While its flashy younger brother Curiosity is getting all the headlines these days, the Opportunity rover will shortly be celebrating its tenth anniversary on the Red Planet (not bad for a machine expected to last for 90 days) and NASA has revealed a selfie to mark the anniversary.
Spirit, Opportunity’s now-defunct sister, landed on the Mars on January 4, 2004. But Opportunity hit the Red Planet just weeks later, on January 25, bouncing off the surface while surrounded by airbags before coming to a halt and taking a look around. Since then it has covered 38.7 kilometers of the rocky Martian surface, and taken more than 170,000 images and relayed them back to Earth using the satellites NASA has in orbit.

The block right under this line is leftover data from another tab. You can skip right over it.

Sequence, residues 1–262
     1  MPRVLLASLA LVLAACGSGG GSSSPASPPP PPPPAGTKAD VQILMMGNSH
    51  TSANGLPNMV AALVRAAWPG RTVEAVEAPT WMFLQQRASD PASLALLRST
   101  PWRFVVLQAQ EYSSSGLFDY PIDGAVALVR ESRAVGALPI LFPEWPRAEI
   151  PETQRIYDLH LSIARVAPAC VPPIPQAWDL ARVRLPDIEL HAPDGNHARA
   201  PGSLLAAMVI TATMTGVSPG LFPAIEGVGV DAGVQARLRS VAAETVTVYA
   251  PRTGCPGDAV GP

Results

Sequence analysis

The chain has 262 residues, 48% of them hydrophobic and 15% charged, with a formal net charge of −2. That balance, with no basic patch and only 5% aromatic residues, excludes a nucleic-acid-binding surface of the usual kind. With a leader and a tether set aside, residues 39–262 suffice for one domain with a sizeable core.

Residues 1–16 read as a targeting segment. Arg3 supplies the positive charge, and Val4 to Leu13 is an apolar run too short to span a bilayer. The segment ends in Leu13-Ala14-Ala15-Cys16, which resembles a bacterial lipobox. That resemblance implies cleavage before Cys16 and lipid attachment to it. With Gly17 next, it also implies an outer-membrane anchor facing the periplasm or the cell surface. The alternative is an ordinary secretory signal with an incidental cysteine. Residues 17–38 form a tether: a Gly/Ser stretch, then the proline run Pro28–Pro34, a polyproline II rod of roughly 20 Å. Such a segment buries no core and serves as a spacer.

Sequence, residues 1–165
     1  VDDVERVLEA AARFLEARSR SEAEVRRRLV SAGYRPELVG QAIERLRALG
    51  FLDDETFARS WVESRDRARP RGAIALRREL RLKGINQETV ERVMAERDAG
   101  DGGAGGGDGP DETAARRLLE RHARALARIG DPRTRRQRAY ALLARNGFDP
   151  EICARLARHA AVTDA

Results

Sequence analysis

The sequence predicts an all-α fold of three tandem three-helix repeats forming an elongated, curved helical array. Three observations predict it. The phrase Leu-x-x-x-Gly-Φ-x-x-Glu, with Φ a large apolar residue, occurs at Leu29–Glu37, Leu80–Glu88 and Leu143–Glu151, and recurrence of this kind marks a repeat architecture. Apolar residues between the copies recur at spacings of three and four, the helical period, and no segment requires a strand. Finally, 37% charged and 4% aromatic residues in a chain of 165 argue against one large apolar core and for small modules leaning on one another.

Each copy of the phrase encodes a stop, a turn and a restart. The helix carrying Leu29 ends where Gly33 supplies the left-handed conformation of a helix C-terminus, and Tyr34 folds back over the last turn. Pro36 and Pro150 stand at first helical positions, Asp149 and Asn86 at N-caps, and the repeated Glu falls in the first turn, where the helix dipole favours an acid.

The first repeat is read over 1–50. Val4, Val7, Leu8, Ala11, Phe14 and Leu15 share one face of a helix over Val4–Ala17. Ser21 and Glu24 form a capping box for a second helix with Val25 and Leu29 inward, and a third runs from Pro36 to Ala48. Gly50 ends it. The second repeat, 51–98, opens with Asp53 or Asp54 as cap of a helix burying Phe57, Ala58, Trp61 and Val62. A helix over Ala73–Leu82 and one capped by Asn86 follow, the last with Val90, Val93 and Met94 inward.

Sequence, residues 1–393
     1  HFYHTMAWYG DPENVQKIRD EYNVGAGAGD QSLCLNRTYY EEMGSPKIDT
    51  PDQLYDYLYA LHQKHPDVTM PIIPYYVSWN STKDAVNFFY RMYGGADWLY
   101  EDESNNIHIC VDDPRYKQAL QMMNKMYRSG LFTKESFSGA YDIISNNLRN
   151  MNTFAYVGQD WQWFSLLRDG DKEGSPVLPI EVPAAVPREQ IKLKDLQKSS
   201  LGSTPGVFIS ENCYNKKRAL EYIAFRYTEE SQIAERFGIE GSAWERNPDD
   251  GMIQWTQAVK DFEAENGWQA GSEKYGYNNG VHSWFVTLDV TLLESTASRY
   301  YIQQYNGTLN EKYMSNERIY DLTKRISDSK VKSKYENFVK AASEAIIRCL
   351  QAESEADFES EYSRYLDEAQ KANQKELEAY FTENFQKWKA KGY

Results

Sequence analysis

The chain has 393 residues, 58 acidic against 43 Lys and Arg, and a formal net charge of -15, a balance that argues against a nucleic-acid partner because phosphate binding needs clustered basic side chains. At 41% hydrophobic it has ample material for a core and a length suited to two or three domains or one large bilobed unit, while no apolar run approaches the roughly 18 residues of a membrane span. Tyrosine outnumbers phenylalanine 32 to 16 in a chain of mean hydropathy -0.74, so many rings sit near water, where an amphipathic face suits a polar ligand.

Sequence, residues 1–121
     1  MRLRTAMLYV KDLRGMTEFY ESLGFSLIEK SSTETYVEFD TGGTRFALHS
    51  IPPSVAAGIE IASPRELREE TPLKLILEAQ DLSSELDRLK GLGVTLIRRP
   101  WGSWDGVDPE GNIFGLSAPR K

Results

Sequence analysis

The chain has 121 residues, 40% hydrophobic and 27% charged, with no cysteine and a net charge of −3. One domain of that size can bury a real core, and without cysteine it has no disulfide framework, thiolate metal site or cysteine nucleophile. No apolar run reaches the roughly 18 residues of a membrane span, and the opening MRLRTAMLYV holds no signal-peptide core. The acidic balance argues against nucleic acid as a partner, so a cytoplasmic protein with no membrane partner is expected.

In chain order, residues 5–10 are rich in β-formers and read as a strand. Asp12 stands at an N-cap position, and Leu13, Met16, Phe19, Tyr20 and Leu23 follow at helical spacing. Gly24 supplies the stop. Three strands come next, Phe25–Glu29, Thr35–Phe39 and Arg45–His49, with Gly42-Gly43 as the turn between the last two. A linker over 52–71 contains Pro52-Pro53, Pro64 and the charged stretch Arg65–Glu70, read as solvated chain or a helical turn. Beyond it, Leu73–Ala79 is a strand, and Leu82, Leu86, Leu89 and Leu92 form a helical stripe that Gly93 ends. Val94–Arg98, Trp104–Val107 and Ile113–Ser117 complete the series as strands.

“It’s a well-made American vehicle. These are excellent machines, they are well designed, they’re well built, they’re fantastic and that’s why they’re still working,” said Dr Ray Arvidson, deputy principal investigator for the Mars Exploration Rover.
The rover is feeling its age, however. Jon Callas, Opportunity’s project manager, explained that the right front steering actuator is frozen and he described the rover’s robotic arm as “arthritic.” Two of the rover’s ten instruments had stopped functioning, but Callas said that nothing had gone wrong in the last year and the rover will be ready to roll when summer comes.
Callas explained that the key to Opportunity’s longevity was a miscalculation by NASA about how Martian dust would hinder its solar panels. The 1997 Pathfinder mission was NASA’s first shot at trying solar power on Mars, but dust accumulation via electrostatic cling killed the system in months.